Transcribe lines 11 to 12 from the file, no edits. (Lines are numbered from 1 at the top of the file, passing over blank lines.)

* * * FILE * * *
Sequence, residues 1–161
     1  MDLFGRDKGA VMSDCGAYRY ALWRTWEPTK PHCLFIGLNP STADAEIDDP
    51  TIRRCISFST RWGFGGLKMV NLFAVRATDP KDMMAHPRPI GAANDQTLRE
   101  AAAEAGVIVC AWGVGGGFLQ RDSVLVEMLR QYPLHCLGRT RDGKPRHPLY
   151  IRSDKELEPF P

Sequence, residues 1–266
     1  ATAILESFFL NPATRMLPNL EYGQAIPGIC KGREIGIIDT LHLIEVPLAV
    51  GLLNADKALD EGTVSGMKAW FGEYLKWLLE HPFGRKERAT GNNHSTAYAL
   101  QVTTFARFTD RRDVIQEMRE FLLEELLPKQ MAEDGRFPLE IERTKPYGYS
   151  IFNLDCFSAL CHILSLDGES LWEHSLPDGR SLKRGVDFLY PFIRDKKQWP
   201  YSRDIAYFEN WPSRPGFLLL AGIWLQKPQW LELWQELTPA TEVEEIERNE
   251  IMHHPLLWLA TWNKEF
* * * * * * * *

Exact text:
   201  YSRDIAYFEN WPSRPGFLLL AGIWLQKPQW LELWQELTPA TEVEEIERNE
   251  IMHHPLLWLA TWNKEF